Femoroacetabular Impingement (FAI)

Understanding Hip Anatomy:

The hip is a ball and socket joint. The socket is formed by the acetabulum (part of the pelvic bone), and the ball is formed by the femoral head at the top of the femur (thighbone). The surfaces of the ball and socket are covered by smooth articular cartilage that allows the joint to move easily without friction. The outer portion of the socket (acetabulum) is lined with fibrocartilage ring called the labrum. The labrum acts as a “gasket” to help provide stability to the joint.

What is Femoroacetabular Impingement (FAI)?

Femoroacetabular Impingement (FAI) occurs when the ball (femoral head) and socket (acetabulum) rub abnormally together causing damage to the hip joint, including the articular cartilage or the fibrocartilage (labrum).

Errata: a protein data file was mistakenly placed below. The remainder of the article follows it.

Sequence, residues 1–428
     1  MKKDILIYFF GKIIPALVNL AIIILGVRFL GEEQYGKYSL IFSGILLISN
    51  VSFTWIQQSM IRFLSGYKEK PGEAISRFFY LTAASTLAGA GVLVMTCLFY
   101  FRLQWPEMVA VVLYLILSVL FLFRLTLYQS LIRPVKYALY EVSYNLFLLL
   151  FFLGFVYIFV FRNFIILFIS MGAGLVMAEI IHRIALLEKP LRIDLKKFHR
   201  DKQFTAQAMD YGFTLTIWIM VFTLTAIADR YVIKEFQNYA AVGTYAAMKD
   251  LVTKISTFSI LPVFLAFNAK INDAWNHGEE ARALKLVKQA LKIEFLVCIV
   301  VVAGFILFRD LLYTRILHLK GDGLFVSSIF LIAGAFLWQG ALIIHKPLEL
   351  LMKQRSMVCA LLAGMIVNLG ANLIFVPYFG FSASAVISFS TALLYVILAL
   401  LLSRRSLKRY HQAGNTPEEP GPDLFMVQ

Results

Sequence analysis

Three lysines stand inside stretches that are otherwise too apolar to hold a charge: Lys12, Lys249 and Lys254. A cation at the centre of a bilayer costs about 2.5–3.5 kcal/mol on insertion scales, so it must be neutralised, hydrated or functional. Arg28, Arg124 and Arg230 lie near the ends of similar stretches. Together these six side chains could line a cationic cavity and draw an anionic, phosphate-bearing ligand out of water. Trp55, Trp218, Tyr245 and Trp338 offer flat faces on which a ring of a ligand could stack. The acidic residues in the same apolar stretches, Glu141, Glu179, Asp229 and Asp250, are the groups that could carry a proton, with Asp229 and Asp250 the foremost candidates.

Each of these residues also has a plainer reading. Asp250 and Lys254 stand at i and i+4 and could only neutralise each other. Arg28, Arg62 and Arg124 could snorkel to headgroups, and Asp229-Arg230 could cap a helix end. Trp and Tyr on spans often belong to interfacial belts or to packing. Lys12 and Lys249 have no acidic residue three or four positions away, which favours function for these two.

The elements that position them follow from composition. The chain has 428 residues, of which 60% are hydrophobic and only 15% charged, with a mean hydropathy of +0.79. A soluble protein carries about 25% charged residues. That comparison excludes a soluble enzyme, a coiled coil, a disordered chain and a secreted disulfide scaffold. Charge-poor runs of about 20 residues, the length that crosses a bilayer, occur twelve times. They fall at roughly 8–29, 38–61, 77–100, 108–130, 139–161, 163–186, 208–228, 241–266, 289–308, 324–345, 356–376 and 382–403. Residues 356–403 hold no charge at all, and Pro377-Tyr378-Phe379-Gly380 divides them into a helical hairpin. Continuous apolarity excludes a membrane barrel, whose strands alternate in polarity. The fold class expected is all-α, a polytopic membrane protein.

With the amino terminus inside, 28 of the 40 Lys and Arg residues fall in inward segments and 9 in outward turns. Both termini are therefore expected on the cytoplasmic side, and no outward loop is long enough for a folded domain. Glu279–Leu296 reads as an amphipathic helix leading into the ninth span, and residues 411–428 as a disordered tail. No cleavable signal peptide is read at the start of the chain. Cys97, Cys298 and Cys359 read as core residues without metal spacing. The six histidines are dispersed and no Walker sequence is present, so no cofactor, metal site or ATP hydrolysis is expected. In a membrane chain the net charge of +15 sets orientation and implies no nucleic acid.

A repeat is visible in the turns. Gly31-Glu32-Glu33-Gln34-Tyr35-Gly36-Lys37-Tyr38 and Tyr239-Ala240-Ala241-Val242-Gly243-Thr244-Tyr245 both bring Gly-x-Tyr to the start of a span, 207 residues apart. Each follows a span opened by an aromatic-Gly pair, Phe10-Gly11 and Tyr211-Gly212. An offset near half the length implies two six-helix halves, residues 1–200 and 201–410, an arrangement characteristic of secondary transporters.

FAI generally occurs in the form of a CAM or PINCER:

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Cam Impingement: Occurs from a bony spur or prominence on the femoral head/neck junction.

Pincer Impingement: Occurs from an overhanging lip of bone that causes the socket to be too deep.

Labral Tears: Fraying or tearing of the fibrocartilage “gasket” in the hip joint.

Hip Dysplasia: A disorder where the cup of the hip joint is too shallow. This may lead to hip instability or further damage to the labrum.

Osteoarthritis (OA): Joint disease caused from cartilage loss due to aging joints, injury, and obesity. OA symptoms include pain and stiffness. If you are overweight, weight loss may improve OA symptoms.

How is it diagnosed?

Examination of the hip by an orthopedic hip specialist, x-rays and sometimes MRI are used to look for FAI deformity and labral tears.

How is Femoroacetabular Impingement (FAI) treated?

Your surgeon will discuss whether hip arthroscopy is right for you.  Learn more about hip arthroscopy on our dedicated page.

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